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October 25th, 1942 (SUNDAY)

UNITED KINGDOM: From tomorrow, British cake will become even plainer than it is already. Confectioners will be allowed to add only one layer of jam or chocolate to cakes after baking. White sugar icing has been forbidden since 1940. Cake must now contain no more than 20% fats or 30% sugar. The maximum price will be 1/6 a pound.

The milk allowance is being cut to 2.5 pints a week for adults. A further cut to two pints a week is expected. Pregnant women get an extra pint a day.

Destroyer HMS Wessex laid down.

RAF Bomber Command forms No. 6 (Royal Canadian Air Force) Group, Bomber Command. All squadrons in the Group are manned by Canadian airmen.

FRANCE: During the day, RAF Bomber Command dispatches 12 Douglas (A-20) Bostons to Le Havre to attack the large merchant ship there but they have to turn back because of lack of cloud cover.

U.S.S.R.: The German III Panzer Corps begins their attack south of the Terek River in  the Caucasus.

ITALY: Milan: The RAF completes an overnight attack, after a daytime raid yesterday.

EGYPT: General Montgomery issues decisive orders for the British X Corps  to advance in the Battle of El Alamein. By the end of the day X Corps has  lost about 250 tanks, but 15th Panzer Division has only 40 tanks left. 
 The 9th Australian Division attacks in the northern end of the El Alamein  battlefield. It makes impressive gains which attract Rommel's attention  when he returns from Germany. 

At about 0100 on 25 October, Lumsden asked for a postponement of the attack. Montgomery summoned his corps commanders to a conference at 0330. After listening to what they had to say, Montgomery reiterated his orders for the armoured attack to go through, and took Lumsden (X Armoured Corps) aside to reinforce this.

So X Armoured Corps pressed the attack in the early hours of the morning, took heavy casualties, and then withdrew, but without telling Montgomery!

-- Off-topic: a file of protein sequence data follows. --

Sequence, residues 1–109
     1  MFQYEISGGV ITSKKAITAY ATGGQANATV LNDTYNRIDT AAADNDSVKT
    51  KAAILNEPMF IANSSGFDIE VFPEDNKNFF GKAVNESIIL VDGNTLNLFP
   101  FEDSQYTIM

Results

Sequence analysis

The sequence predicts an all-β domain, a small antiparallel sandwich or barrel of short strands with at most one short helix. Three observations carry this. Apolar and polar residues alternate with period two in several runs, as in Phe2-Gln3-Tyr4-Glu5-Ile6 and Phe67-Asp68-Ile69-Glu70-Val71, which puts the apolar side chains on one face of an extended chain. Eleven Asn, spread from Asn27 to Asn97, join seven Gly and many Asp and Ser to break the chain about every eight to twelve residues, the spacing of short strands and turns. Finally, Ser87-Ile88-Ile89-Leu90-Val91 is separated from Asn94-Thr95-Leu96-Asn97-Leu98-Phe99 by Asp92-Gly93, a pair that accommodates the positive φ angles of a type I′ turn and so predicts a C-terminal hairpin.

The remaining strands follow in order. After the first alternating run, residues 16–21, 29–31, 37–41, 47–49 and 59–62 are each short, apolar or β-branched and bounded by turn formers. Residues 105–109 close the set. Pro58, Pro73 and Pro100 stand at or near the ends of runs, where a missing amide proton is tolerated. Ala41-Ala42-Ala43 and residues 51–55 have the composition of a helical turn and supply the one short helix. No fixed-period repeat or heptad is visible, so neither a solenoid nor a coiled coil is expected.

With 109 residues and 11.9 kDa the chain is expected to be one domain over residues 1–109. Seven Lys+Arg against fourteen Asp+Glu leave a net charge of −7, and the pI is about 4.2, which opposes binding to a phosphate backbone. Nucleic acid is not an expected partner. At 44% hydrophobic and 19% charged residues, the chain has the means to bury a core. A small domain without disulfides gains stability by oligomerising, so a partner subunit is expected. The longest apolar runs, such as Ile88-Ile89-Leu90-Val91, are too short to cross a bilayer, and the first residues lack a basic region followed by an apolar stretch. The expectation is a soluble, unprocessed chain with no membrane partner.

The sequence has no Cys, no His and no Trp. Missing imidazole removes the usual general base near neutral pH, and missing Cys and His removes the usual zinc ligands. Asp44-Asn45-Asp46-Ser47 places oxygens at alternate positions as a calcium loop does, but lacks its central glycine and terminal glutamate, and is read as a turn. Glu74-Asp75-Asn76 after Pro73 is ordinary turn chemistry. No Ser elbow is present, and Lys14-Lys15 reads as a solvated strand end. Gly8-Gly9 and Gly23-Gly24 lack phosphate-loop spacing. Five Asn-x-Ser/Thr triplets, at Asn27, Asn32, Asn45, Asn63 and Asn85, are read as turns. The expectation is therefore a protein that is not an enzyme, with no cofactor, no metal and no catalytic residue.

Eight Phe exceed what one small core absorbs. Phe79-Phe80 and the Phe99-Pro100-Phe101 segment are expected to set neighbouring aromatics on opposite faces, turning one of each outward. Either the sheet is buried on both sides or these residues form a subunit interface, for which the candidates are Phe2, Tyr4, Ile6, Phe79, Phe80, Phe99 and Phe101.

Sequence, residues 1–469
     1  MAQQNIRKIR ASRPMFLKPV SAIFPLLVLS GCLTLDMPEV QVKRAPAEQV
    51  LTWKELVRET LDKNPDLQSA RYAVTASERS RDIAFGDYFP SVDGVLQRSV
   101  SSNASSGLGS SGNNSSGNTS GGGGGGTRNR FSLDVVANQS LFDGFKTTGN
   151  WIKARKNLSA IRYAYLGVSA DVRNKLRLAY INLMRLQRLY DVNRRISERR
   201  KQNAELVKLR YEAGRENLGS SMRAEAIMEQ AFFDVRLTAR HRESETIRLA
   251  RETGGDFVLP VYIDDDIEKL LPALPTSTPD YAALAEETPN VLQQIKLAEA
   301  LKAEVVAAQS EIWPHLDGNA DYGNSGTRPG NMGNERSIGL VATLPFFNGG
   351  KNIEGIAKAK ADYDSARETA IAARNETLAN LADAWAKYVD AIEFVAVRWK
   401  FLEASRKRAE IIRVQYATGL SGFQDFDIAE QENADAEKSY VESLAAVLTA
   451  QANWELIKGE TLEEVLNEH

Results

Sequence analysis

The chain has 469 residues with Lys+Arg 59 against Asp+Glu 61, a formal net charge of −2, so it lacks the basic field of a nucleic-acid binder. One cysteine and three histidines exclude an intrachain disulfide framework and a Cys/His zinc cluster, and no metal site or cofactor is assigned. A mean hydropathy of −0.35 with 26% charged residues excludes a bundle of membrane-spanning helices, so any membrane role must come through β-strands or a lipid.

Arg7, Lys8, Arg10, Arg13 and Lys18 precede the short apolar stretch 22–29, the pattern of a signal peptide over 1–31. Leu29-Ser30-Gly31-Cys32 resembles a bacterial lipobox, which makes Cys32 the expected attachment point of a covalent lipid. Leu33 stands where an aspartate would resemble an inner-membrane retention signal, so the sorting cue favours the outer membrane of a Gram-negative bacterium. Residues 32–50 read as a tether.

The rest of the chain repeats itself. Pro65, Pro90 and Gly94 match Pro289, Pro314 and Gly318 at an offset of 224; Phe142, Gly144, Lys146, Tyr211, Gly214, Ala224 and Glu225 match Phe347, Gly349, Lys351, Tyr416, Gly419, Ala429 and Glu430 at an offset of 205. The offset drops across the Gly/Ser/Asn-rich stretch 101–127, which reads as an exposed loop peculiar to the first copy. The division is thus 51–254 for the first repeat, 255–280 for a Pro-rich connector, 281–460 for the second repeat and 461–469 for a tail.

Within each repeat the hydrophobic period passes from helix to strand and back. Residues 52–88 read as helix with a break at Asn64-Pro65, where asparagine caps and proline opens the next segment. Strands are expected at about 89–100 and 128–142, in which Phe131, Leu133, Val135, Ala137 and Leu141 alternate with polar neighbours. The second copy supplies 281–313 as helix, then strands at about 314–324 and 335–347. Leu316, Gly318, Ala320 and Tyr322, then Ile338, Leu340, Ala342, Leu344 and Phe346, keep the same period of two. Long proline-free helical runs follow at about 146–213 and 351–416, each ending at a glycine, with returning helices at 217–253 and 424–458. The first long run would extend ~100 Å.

Only Freyberg's own armour - his attached 9th armoured brigade and his divisional cavalry regiment - stayed on the front line. Montgomery visited the front-line at dawn to confront a livid Freyberg. Freyberg said his New Zealanders would carry the attack themselves with just infantry and artillery, and use his own armour for exploitation. Lumsden lamely agreed.

Montgomery disagreed. He decided to withdraw X Armoured Corps, hoping that a rest and refit would give Lumsden and his divisional commanders the chance to find their lost backbone. He kept Freyberg on the defensive and switched the emphasis of the attack to 9th Australian Division in the north. Morshead would thrust west and north over several days towards the Mediterranean, threatening to cut off and annihilate 125th PzGren Regt on the German extreme left flank.

This is probably where Rommel lost the battle. In retrospect he should have abandoned 125th PG Regt to its fate, but Rrommel and the Axis commanders did not believe they were going to lose the battle. So he tried to save 125 PzGren Regt by throwing in his reserves. In an incredibly violent battle along the Ruweisat Ridge over several days the Australians and Axis beat each other to pulp. British armour under Australian command fought ferociously, the battlefield littered with burning Valentine and German tanks (contrast the poorer performance by X Armoured Corps to the south, with better tanks). (Michael Alexander)